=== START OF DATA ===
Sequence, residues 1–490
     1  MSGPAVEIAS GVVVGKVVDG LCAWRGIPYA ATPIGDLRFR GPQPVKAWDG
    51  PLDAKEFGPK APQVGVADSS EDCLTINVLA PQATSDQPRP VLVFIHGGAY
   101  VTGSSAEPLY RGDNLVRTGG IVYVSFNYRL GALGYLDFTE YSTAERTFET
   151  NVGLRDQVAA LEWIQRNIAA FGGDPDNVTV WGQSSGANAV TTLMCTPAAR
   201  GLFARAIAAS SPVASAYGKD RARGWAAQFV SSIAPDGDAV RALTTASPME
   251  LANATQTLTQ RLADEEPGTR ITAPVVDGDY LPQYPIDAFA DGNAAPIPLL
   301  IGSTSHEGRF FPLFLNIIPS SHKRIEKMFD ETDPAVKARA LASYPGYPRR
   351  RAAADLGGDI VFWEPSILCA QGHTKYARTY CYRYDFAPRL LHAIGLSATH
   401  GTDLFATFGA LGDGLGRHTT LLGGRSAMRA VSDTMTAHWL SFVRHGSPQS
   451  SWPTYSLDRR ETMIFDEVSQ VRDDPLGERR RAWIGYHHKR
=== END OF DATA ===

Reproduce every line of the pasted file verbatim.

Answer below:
Sequence, residues 1–490
     1  MSGPAVEIAS GVVVGKVVDG LCAWRGIPYA ATPIGDLRFR GPQPVKAWDG
    51  PLDAKEFGPK APQVGVADSS EDCLTINVLA PQATSDQPRP VLVFIHGGAY
   101  VTGSSAEPLY RGDNLVRTGG IVYVSFNYRL GALGYLDFTE YSTAERTFET
   151  NVGLRDQVAA LEWIQRNIAA FGGDPDNVTV WGQSSGANAV TTLMCTPAAR
   201  GLFARAIAAS SPVASAYGKD RARGWAAQFV SSIAPDGDAV RALTTASPME
   251  LANATQTLTQ RLADEEPGTR ITAPVVDGDY LPQYPIDAFA DGNAAPIPLL
   301  IGSTSHEGRF FPLFLNIIPS SHKRIEKMFD ETDPAVKARA LASYPGYPRR
   351  RAAADLGGDI VFWEPSILCA QGHTKYARTY CYRYDFAPRL LHAIGLSATH
   401  GTDLFATFGA LGDGLGRHTT LLGGRSAMRA VSDTMTAHWL SFVRHGSPQS
   451  SWPTYSLDRR ETMIFDEVSQ VRDDPLGERR RAWIGYHHKR